Causes of Evil

And Three Ways Grace Frees us

By Christopher Schwinger

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Our philosophy of evil matters to how we live our lives. Is evil real or an illusion which scares us into thinking it's real? Are there traceable causes or is it a spontaneous and irrational thing? Is evil allowed by God or caused by God? The answers to these questions aren't always simple, nor entirely satisfactory. In the simple Biblical promises which we're taught to memorize, these questions aren't supposed to matter, because we are supposed to trump our feelings with our mind and just give mental reinforcement to our faith in God's written promises. The main promise is that He won't abandon us, but it often feels like He is abandoning us when we are facing a recalcitrant situation which will not bend to our desires. Even though we put forth all our effort to turn those bad situations into good ones, they frequently don't change. Natural disasters and accidents can be simply attributed to a sinful, death-ridden world where even God's beautiful creatures and natural forces are capable of great destruction. It takes faith, but it's theologically possible to believe God made the world good but sin from Adam and Eve made it imperfect. It's human evil which is more complicated, as we see great complexity in ourselves and other people. If so-and-so is good in this way, how can he have done this cruel thing? Why doesn't this friend listen to me on this subject matter, just on every other subject matter? How do I know God is better than these other people, and how do I make a difference in other people when they close off their hearts? These are important questions, and I think it's helpful to group evil into three categories: selfishness/the sin nature, ignorance, and pain.

Evil and the Sin Nature
The sin nature aspect of human evil is the one which is most often talked about. The lust of the eyes, flesh, and boastful pride of life (1 John 2:16) are about the desire to possess, indulge, and impress. Desires for autonomy, prestige, money, and power all are part of our "sin nature." The basic sin nature in people is why they have to be taught manners instead of being automatically courteous. It's why King Jong-un became psychotic when he was surrounded by sycophants. John Regier, founder of a counseling ministry called Caring for the Heart based in Colorado Springs, classified sin issues into 10: 1) Bitterness, 2) Temporal values (success as more important than relationships), 3) Rebellion, 4) Pride, 5) Pain from physical, emotional, spiritual, and sexual abuse, 6) Moral failure (sexual), 7) Ground given to the enemy (occult), 8) Hypocrisy, 9) Negative thought patterns, and 10) Evil for evil relationship (vengeance). I think that is an effective way to get specific about what sin issues are going on. All except for pain (#5) are attitudes which start from within us. They, and the trio in 1 John 2:16, fall under the bracket of "selfishness/sin nature," which I think is just one of three factors in understanding evil and how to respond to it. The two others are pain (which is in Regier's list) and ignorance.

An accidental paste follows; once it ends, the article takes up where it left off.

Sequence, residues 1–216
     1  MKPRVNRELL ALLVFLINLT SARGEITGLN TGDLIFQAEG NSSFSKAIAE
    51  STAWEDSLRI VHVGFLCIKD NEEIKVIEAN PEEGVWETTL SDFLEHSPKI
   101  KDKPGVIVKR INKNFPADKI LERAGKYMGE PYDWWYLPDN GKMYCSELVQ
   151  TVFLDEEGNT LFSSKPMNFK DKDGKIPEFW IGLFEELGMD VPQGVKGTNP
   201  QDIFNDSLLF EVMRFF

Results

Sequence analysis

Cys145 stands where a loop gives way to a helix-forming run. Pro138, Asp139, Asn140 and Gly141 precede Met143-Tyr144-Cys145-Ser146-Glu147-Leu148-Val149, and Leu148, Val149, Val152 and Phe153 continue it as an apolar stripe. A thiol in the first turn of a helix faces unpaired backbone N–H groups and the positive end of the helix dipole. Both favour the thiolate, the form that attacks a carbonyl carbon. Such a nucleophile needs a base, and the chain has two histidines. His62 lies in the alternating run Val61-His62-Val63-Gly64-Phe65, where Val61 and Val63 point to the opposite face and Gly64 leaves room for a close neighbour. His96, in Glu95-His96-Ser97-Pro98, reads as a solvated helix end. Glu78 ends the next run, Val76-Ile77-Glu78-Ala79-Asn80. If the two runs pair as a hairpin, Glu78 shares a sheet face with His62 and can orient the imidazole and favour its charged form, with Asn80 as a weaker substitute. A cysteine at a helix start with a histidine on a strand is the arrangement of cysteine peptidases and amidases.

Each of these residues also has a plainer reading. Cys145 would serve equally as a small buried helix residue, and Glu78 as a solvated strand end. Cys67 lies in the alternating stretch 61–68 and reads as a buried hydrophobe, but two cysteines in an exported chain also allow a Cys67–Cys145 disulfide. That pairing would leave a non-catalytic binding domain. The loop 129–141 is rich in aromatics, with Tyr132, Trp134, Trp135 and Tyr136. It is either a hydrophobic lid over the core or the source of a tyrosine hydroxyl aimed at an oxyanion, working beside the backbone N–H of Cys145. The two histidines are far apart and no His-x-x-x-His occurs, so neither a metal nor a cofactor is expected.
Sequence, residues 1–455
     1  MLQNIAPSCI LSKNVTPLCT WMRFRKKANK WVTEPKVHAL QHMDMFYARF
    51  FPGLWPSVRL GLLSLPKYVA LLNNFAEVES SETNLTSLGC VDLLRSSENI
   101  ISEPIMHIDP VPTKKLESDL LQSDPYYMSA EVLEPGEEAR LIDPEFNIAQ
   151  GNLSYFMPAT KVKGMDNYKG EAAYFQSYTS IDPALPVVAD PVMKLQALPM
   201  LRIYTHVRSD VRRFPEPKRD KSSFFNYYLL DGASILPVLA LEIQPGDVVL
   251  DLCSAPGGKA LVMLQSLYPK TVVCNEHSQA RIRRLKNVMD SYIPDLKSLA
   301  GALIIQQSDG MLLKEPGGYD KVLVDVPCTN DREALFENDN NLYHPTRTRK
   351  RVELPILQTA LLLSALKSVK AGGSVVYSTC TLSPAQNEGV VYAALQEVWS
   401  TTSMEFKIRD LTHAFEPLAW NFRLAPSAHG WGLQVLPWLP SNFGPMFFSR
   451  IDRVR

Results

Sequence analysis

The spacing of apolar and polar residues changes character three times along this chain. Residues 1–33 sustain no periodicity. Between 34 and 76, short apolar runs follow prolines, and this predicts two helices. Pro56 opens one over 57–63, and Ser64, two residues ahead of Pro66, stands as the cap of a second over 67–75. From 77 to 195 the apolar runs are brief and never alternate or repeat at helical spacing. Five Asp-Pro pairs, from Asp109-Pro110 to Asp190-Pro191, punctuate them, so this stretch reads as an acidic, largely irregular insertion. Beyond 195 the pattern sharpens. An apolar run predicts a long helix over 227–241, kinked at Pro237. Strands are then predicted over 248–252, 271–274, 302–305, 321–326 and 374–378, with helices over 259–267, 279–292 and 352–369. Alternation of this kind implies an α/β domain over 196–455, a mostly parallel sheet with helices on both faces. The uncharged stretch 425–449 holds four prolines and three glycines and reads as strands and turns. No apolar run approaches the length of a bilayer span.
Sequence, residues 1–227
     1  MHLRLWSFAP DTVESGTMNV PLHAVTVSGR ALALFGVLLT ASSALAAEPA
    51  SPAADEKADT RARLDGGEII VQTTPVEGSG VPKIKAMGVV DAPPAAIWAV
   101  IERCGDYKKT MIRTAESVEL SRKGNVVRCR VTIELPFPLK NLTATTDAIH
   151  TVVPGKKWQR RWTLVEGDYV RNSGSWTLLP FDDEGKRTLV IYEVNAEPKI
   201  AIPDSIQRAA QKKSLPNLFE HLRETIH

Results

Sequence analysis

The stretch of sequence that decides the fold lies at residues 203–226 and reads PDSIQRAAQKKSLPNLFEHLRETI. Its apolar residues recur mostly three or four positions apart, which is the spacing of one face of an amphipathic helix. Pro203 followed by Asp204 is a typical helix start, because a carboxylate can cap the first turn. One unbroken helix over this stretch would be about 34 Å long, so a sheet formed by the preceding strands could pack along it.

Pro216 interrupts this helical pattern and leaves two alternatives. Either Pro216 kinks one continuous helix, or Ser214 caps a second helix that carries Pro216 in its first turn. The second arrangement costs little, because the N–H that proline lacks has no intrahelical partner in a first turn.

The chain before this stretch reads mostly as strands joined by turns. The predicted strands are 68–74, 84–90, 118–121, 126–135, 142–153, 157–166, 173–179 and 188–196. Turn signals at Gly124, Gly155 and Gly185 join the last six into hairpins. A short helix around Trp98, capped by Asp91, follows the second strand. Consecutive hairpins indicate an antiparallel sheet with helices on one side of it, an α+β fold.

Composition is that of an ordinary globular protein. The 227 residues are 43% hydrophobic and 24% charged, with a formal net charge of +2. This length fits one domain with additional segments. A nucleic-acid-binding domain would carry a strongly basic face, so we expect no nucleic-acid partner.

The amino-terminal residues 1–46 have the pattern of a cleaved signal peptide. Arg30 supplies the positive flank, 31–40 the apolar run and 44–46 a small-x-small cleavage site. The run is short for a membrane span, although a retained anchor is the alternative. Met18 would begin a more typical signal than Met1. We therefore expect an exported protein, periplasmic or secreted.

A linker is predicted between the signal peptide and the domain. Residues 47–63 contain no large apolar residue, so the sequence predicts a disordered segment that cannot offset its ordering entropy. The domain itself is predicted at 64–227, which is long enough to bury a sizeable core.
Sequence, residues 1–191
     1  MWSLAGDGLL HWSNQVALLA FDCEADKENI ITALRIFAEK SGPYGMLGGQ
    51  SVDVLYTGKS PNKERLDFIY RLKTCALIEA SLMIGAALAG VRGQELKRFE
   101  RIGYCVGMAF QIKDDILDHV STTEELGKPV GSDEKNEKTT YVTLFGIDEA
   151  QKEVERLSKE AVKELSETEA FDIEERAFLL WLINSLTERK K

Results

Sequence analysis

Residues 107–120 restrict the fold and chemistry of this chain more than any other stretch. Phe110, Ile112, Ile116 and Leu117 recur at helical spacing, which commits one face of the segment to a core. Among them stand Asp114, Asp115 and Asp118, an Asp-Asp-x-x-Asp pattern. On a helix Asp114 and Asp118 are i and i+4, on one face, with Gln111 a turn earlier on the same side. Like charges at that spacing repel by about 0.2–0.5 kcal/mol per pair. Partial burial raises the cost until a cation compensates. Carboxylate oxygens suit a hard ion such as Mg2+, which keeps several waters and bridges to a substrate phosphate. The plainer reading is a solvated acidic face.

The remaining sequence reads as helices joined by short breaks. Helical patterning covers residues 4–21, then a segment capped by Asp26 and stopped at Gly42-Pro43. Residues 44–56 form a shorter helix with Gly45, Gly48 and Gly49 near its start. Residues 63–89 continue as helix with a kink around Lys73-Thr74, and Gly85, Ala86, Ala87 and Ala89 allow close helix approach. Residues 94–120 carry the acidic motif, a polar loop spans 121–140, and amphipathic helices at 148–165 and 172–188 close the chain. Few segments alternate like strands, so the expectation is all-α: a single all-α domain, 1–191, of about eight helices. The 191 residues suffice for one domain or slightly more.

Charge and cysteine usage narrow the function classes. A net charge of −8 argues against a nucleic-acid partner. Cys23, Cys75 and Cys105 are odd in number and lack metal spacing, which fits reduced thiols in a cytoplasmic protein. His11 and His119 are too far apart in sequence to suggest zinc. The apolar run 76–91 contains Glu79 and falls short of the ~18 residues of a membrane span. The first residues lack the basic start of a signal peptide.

Evil and Ignorance
Ignorance is not itself sin, but it leaves us susceptible to sin. I saw the loss of innocence in my classmates as they moved into high school, and it seemed to happen very quickly. It is probably because of the entertainment influences of music, television, the internet, and movies. They weren't morally equipped to discern the danger of those cultural influences. Ignorance left them weak, like having a weak immune system which makes you susceptible to disease. You could say they were sick already because they didn't have spiritual defenses, but you could also say sin doesn't become a full reality until it is borne out in actions, like Judas Iscariot and the Jewish leaders whose judgment by God was consummated after they put Him to death. Jesus says in John 9:41, "If you were blind, you would have no sin; but since you say, 'We see,' your sin remains." If you admit your ignorance, there's hope for you and God doesn't count it as sin. Paul shares this view in Romans 4:15 and 5:13 by saying God's law exists to show people right and wrong, but also makes them more accountable after it's revealed. Jesus said so in John 15:22-25 as well. The greater the revelation, the greater the judgment, in general, just as Jesus had said about "to whom much is given, much will be required" (Luke 12:48). This naturally makes us want answers for who's to blame if God didn't provide a way for someone to hear the Gospel in a way that made sense to them, but I believe God has no better option if He is going to give us the privilege of having moral responsibility. If He consistently supernaturally involved Himself in affairs when the people who could do something about them did not, then we'd believe in Him just out of fear and would also be less inclined to take those risks which make our spiritual journeys meaningful.

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Published on 4-24-17